What Is Asthma? | American Lung Association

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What Is Asthma?

Asthma is a lung disease that makes it harder to move air in and out of your lungs.

Key Points

  • Asthma is chronic. In other words, you live with it every day.
  • It can be serious, even life-threatening.
  • There is no cure for asthma, but it can be managed so you live a normal, healthy life.

With asthma, the airways in your lungs are often swollen or inflamed. This makes them extra sensitive to things that you are exposed to in the environment every day, or asthma "triggers." A trigger could be a cold or the weather, or things in the environment, such as dust, chemicals, smoke and pet dander.

When you breathe in a trigger, the insides of your airways swell even more. This narrows the space for the air to move in and out of the lungs. The muscles that wrap around your airways also can tighten, making breathing even harder. When that happens, it's called an asthma flare-up, asthma episode or asthma "attack."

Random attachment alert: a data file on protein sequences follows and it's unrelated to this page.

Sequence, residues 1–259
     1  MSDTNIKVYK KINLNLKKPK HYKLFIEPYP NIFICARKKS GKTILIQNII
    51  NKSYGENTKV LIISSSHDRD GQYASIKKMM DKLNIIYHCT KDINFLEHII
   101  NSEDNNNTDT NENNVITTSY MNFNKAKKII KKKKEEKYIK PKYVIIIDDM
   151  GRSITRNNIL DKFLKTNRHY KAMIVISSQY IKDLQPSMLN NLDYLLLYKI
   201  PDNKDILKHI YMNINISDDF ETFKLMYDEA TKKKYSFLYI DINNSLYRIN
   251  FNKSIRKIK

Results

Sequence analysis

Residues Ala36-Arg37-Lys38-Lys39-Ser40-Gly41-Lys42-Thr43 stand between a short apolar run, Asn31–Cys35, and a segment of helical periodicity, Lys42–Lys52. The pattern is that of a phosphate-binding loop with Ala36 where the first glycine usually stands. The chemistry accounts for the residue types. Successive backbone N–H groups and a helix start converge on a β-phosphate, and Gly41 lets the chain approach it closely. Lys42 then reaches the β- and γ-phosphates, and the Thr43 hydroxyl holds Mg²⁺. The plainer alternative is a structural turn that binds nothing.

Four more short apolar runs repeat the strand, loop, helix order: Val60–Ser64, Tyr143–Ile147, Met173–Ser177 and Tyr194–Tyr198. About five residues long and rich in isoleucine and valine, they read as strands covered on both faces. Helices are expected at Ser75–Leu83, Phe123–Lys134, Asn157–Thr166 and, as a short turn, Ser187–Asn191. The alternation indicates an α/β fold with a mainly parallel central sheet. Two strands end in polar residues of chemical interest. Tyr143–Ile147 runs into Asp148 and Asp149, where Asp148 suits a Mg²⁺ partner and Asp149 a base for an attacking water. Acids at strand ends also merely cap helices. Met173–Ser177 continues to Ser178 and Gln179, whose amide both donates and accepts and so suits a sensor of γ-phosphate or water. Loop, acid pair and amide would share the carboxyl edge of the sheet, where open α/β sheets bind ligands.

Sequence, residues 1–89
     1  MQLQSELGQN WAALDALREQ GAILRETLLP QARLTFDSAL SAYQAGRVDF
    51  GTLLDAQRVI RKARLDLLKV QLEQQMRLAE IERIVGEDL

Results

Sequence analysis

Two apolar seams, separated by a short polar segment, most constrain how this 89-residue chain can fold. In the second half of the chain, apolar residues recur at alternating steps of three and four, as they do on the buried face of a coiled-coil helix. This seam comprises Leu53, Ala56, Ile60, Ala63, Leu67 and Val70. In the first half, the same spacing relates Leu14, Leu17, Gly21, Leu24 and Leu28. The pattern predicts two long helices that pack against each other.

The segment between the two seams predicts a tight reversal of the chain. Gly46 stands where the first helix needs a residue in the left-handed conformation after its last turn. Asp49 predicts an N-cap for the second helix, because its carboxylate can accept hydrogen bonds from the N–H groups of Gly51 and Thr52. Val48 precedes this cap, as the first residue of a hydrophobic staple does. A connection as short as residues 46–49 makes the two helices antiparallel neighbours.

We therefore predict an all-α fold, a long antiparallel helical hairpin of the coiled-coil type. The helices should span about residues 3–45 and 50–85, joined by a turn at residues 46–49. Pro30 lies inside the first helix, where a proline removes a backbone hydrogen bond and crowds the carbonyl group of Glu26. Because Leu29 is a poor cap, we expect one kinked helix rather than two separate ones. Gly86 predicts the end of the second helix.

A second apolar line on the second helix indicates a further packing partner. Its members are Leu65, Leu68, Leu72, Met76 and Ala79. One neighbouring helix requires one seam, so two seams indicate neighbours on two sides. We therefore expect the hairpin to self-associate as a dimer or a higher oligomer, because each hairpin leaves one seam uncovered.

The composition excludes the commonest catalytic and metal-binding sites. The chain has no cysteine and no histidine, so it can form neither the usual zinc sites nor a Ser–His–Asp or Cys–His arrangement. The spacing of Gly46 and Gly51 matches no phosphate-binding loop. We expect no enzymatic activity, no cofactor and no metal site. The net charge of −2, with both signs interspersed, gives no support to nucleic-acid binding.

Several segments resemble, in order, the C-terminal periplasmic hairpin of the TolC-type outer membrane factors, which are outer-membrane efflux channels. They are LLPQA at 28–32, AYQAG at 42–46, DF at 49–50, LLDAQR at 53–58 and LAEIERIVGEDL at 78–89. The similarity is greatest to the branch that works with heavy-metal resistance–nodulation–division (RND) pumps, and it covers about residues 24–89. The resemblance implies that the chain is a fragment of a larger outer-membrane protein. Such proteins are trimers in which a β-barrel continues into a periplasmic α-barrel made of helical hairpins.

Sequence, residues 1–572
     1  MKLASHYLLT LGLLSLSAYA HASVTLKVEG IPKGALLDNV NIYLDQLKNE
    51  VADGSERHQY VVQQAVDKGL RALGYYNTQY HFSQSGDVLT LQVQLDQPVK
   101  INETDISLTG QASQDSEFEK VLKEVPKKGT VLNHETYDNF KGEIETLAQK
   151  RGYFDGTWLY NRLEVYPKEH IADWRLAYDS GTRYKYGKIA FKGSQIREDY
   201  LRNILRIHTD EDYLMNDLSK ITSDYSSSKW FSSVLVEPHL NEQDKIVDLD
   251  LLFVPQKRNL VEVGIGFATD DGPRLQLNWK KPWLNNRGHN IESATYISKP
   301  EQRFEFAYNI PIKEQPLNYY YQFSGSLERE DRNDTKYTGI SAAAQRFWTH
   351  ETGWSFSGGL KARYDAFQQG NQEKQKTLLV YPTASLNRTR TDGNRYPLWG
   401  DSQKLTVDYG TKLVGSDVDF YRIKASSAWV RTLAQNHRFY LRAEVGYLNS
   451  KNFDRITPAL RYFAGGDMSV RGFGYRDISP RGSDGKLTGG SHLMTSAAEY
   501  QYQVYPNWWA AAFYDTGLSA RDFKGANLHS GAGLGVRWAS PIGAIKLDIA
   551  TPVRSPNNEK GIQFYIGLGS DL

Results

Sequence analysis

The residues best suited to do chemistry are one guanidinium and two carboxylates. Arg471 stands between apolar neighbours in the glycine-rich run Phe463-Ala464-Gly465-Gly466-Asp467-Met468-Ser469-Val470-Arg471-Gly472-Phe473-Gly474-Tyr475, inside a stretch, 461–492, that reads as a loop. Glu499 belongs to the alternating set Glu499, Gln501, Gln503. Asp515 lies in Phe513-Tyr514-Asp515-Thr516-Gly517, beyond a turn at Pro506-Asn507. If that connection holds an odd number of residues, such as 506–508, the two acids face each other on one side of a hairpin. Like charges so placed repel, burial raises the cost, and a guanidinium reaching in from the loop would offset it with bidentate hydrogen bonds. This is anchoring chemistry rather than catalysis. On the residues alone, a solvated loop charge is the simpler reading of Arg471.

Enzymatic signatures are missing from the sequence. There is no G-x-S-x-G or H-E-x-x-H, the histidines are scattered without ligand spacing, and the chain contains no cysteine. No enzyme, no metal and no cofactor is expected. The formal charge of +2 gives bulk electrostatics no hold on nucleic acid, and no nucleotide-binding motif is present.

Asthma can start at any age. Sometimes, people have asthma when they are very young and as their lungs develop, the symptoms go away, but it's possible that it will come back later in life. Sometimes people get asthma for the first time when they are older.

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Learn the Basics

If you are a person living with asthma, a friend, family member or co-worker of someone with asthma, or a frontline healthcare professional, take some time to learn more about asthma by participating in our online learning module, Asthma Basics. Also available in Spanish.


    Reviewed and approved by the American Lung Association Scientific and Medical Editorial Review Panel. Last reviewed May 27, 2018.

    Page Last Updated: June 4, 2018

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